Students venture off to college for one of three reasons: to enroll in their dream major, to follow in their family’s footsteps or to find a path that will lead them to a successful future. For some, it’s all three.
Will Anti grew up in Georgia watching both his grandfather and his father shoot rifles professionally. Little did Anti know that the day he picked up and shot his first rifle would one day lead him to be the youngest NCAA rifle coach.
While he enjoyed studying business at West Virginia University, the sport was his first love – trading in risk management and ROIs for rifles.
After graduating in May 2019, Anti took his first coaching job in Colorado Springs, Colorado, as the USA Shooting Paralympic coach and now he is starting his second coaching job at the University of Alaska Fairbanks. “Intimidated, but excited,” he said.
We caught up with Anti before he made the move to Alaska to learn how he got his start in shooting rifles and how his love for the sport has turned into a full-time career.
Q: When did you first start shooting rifles and why?
A: I started shooting when I was 10 years old and at that time my dad was shooting for the Army Marksmanship Unit in Fort Benning, Georgia. Him and my grandfather are why I got into it. One day I just asked him if I could shoot with him after school. He was an Olympic shooter and shot in the 1992 games, as well as 2000, 2004 and 2008 games – winning a medal in 2004 in Athens. He’s had a successful career with rifle and, most recently, my family moved to Maryland where he is the head coach at the U.S. Navy Academy so my team will compete against his team in the NCAA.
Q: When kids your age were playing soccer or basketball, what made you continue to choose rifle?
A: When I was about 13 I had decided this was the sport for me. I had played a couple different sports, but rifle stuck with me. It’s a very unique sport, as it challenges you in ways that are different from other sports. It’s not necessarily the most physically demanding sport, but it’s a really mental sport and it requires you to think at a very high level for an extended period of time. It’s a sport that is available to so many people because it doesn’t require you to be six foot and it doesn’t require you to have 3.5 percent body fat. Truly, anyone can shoot if they have the desire and put themselves through the mental rigor that is the sport.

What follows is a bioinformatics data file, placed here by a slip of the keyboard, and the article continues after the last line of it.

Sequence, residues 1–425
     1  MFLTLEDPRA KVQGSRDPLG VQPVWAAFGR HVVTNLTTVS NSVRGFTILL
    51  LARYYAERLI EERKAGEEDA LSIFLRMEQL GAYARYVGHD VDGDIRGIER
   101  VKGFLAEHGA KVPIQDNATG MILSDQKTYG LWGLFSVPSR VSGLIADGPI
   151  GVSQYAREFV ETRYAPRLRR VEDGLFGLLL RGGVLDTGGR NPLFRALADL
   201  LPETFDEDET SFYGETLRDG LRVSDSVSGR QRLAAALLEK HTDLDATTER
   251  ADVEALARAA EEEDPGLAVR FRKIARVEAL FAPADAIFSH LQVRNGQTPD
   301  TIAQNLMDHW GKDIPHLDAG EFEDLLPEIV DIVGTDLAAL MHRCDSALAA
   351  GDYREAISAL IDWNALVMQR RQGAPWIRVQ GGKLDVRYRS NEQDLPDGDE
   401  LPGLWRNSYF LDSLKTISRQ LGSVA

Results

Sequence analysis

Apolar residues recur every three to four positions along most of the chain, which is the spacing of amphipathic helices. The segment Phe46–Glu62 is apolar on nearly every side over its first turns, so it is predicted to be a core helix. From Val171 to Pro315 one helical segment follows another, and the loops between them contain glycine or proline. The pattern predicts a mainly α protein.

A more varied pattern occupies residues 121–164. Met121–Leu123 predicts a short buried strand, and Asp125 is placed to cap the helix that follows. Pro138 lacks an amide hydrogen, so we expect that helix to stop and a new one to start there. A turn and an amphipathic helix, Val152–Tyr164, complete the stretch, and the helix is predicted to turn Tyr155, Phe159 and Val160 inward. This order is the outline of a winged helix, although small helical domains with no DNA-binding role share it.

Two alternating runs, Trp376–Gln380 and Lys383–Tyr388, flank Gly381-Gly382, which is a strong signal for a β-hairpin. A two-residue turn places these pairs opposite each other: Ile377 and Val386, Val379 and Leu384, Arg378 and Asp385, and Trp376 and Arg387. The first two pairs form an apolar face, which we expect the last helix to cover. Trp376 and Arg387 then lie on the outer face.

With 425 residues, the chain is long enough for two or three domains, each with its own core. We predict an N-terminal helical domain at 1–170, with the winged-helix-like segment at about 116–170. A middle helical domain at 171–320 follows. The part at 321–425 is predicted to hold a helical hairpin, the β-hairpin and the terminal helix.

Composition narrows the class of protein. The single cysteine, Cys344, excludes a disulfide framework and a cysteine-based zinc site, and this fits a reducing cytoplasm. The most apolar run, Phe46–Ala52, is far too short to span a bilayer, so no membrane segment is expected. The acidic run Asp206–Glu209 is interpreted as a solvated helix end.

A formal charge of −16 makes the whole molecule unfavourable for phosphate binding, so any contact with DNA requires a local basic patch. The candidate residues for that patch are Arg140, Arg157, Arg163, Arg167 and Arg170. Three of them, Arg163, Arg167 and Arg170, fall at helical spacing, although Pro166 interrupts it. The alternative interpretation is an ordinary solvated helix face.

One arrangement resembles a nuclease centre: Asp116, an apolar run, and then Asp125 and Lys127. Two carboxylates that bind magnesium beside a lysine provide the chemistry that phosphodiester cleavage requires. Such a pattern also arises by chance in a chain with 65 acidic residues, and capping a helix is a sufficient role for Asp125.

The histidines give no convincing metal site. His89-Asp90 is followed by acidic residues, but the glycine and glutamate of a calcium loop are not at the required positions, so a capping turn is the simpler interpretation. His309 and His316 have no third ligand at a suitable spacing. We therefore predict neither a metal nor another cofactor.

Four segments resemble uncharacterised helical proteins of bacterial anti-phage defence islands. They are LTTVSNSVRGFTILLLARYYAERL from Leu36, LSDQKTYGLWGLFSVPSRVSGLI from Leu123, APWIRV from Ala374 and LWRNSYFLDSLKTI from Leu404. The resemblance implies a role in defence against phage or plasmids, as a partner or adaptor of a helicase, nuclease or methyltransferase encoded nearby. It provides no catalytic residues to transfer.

Q: What made you decide to be a college athlete at West Virginia University?
A: I started getting recruited by a number of schools when I was just 17 years old. When you’re an NCAA athlete you can go on a maximum of five official visits and WVU was one of them. My dad actually went to WVU and, oddly enough, he was also the captain of the rifle team when he was a senior. It was nice to have those family ties, but when I was on the campus and around the team, I felt they both could provide me with the best resources for me to excel in the classroom and in the sport. The coaching staff at WVU is phenomenal, too, and really create an environment for athletes to thrive in.
Q: Can you elaborate on the WVU rifle team and its coaching staff?
A: Jon Hammond (WVU’s Head Rifle Coach) is definitely a mentor – one of my biggest supporters. He stuck with me in times when I wasn’t shooting great and in times when I was shooting well. He brought unconditional support to the team and that’s all you can hope for in a coach, is someone who sees the value in you when you’re struggling to see it yourself as an athlete. I learned so much from him as a coach: his demeanor, how he talks to people both on and off the team, and how to work through good and difficult days. I definitely wouldn’t be where I am today without him. I still call on him quite a bit even in my job right now with the national team, I talk to him on a weekly basis, and he will be getting plenty of calls from me in my next job. As far as my old teammates, I still talk to them often. They’re still my closest group of friends. John really built that environment for us to become a family even after we all graduated.
Q: How did the rifle team do while you were a member?
A: WVU is the winningest NCAA program of all time in shooting. We’ve won 19 national championships and I was a part of two. We won four conference championships in my four years there. Ginny Thrasher and I were on the team those four years together and we were both undefeated on the team, meaning we never lost a regular season match. The WVU rifle team is hugely successful – they still are and will continue to be. Funny enough, the University of Alaska Fairbanks is the second winningest team, winning 10 national championships, so they’re a successful team, too, and I hope we can continue that success.